All of the content below is based on a right handed golfer. If you happen to play left handed, please reverse the directions as necessary.
What Can Be Gained with a Soft Left Arm?
Of course, you wouldn't want to make any changes to your swing if they aren't going to be beneficial to the overall goal of hitting good golf shots. With that in mind, you need to first understand what you can gain through softening your left arm at address – so you can then decide if the change would be one that could benefit your game. If nothing is to be gained through altering your address position, the obvious choice would be to simply leave it alone.
Following are three potential benefits of softening the position of your left arm at address. It is important to note that not all golfers will experience these benefits, so you will have to experiment with this new position for yourself to see if they actually appear in your game.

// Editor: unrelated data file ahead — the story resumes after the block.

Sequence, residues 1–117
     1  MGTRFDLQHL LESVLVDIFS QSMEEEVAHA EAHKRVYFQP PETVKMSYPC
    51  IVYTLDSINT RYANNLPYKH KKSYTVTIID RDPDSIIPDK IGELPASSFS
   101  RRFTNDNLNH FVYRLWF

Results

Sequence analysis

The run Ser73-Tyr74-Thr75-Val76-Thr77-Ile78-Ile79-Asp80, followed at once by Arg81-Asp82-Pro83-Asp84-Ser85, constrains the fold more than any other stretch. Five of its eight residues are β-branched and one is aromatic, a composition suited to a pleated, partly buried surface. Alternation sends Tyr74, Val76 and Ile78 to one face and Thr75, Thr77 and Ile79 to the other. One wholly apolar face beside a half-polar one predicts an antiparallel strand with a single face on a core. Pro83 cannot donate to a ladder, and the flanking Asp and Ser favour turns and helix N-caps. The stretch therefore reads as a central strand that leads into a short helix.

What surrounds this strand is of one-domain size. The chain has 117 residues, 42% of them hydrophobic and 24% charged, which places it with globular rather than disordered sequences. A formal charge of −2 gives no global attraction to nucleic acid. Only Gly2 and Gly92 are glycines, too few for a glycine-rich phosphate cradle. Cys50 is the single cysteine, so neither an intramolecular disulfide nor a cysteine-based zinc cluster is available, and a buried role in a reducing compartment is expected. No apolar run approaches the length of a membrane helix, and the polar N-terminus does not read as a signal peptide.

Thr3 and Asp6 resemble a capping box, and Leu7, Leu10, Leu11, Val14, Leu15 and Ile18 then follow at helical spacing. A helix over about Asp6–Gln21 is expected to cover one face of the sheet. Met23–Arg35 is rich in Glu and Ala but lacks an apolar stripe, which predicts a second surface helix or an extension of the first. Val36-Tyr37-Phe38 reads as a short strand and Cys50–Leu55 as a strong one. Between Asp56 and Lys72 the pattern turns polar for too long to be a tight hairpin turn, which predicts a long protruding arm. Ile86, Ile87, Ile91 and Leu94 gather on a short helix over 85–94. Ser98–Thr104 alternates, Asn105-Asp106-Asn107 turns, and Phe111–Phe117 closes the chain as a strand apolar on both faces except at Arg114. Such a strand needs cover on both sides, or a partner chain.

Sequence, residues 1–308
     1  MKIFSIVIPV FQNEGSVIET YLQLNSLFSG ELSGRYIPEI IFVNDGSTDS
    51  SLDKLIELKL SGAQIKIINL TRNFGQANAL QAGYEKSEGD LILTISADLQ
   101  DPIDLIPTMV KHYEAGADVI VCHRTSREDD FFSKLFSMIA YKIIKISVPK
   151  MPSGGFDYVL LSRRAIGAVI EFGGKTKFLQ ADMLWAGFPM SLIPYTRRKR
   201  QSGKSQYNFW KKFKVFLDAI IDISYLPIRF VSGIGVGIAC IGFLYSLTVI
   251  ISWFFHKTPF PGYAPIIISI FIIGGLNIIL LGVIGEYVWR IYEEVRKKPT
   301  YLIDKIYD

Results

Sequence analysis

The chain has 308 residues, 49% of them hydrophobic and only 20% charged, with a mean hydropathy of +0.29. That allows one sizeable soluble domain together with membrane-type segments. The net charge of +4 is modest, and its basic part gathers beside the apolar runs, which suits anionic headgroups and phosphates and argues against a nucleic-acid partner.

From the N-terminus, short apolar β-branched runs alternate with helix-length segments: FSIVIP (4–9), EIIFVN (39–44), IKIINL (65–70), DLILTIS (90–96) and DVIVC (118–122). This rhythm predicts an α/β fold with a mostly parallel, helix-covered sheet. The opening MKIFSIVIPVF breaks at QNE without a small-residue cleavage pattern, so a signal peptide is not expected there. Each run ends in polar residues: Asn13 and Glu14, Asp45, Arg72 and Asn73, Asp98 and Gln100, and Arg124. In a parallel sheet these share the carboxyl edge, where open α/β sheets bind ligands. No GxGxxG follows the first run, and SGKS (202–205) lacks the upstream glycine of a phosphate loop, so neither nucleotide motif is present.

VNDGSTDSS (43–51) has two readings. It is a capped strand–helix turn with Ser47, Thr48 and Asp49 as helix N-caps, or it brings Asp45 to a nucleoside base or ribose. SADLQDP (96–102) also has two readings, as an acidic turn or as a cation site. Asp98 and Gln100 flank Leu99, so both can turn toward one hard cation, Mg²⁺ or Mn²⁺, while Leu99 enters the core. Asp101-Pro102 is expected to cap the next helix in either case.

- Better turn away from the ball. If you keep your left arm stiff at address, you may wind up tightening many of the other muscles in your shoulders and back – leading to a limited turn in the backswing. Obviously, this is not good news. Ideally, you want to keep your entire body relaxed so you can make a full turn and maximize the speed you are able to generate prior to impact. By softening your left arm at address, it may be possible to add to your turn by keeping everything relaxed in the early stages of your golf swing. If you are a player who struggles to make a big turn going back, experimenting with a softer left arm would be worth your time.